Invisible Needle Vasectomy - The Vasectomist

    No Needle Anaesthesia


What needle is used for no scalpel vasectomy?

Let’s face it, most guys don’t want a needle ‘down there!’

A variety of different needle sizes may be used for no scalpel vasectomy. See this needle comparison chart. The diameter of a 33G needle is 0.2 mm which is considerably finer than a needle used for taking blood or giving a vaccine.

The 33G causes minimal to no discomfort.  Bear in mind that the 33G needle is the same diameter as that used by kids for their daily diabetes needles.  You more likely to feel the anaesthetic ‘going in’ rather than the needle itself.

Dr Beatty uses a premium 33g needle which is marketed by the manufacturers as the so-called ‘invisible needle.‘  The manufacturers claim that the needle is ‘the thinnest needle to date.’ What can be stated is that the needle is the finest needle available for clinical use in Australia. Only Finer needles exist in the research setting.


It’s a ‘No’ to No Needle Anaesthesia

Please note that ‘no needle anaesthesia’ is not used in Australia because the no-needle device is not approved by The TGA.

Monash University recently compared no needle with conventional needle anaesthesia in 60 men undergoing surgical sperm retrieval. They concluded that ‘for local anesthesia in patients undergoing surgical sperm retrieval, the device produces less pain and discomfort with quicker time to onset and offset of anesthesia compared with conventional needle injection.’ The study compared ‘no needle’ with a 25g needle which may be considered wide-bore compared to a 32 or 33g ultrafine needle.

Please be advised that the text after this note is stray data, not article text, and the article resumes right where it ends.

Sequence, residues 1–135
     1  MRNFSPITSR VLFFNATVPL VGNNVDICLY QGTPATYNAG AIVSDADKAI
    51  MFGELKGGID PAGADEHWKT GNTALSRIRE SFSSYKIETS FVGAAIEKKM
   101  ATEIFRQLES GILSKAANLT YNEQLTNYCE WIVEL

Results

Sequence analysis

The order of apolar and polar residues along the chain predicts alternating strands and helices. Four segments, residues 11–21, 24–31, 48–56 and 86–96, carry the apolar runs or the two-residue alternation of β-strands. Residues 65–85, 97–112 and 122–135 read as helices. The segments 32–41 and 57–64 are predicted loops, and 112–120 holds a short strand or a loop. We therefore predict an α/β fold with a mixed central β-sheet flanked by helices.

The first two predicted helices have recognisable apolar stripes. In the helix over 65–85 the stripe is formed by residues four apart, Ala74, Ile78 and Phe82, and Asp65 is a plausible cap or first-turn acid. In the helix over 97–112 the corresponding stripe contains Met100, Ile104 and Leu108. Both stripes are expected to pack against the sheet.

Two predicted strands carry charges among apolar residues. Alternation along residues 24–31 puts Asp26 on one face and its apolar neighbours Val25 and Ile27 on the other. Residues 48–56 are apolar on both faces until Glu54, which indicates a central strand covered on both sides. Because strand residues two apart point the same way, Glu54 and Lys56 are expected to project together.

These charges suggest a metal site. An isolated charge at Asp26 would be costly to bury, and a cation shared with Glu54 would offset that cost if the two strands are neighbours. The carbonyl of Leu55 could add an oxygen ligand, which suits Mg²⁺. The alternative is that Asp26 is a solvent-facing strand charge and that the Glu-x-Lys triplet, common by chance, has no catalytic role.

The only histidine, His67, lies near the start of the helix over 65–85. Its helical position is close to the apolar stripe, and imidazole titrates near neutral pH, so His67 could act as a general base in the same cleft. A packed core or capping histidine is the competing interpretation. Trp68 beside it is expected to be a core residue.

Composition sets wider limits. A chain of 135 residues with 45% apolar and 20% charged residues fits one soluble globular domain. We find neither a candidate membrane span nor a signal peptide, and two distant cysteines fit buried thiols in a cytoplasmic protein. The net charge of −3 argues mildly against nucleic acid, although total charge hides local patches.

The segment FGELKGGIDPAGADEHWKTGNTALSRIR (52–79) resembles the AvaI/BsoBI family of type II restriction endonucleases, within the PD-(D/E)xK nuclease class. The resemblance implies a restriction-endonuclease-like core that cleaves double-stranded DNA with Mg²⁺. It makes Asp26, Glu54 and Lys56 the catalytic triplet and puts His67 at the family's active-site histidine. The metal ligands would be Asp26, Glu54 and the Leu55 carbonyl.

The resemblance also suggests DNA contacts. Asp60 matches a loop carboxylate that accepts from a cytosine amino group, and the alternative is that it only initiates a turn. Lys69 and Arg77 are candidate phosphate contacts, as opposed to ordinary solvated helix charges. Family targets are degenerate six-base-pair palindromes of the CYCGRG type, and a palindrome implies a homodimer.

We therefore use ultrafine needle anaesthesia.


No Scalpel Vasectomy is very comfortably performed under local anaesthetic.

You will feel:

  • The tinest of ‘pricks’ using a premium 33g needle.
  • The needle may pass unnoticed.
  • A little pressure may be felt as the local anaesthetic starts to take effect.
  • Some movement during the procedure.
  • A sense of pressure may be felt for 2-3 seconds as the tubes are accessed. Dr Beatty will count down 3,2,1 to let you know that you may feel some pressure for a couple of seconds.


Full sedation is a ‘general anaesthetic’ (GA) requiring an anaesthetist with access to the full paraphernalia of emergency care. A vasectomy rarely needs to be performed under sedation.

Local anaesthetic vasectomy using no-needle anaesthesia is safe, quick and painless. The 2015 national US Vasectomy guideline makes a positive recommendation that local anaesthetic is routine used: ‘Vasectomy should be performed with local anesthesia with or without oral sedation’ (statement 5).

In The UK, vasectomy under GA is almost unheard of. Satisfaction with local-anaesthetic vasectomy is very high.

There are very few patients who are not nervous about having a vasectomy. However, there are lots of ways to reduce anxiety – and a GA is, in Dr Beatty’s opinion, a last resort for guys who have extreme anxiety. GA is also suited for guys with challenging anatomy because the testicles drop by around 2cm during a general anaesthetic. The pre-vasectomy consultation will pick up any issues requiring a referral for vasectomy under a general anaesthetic.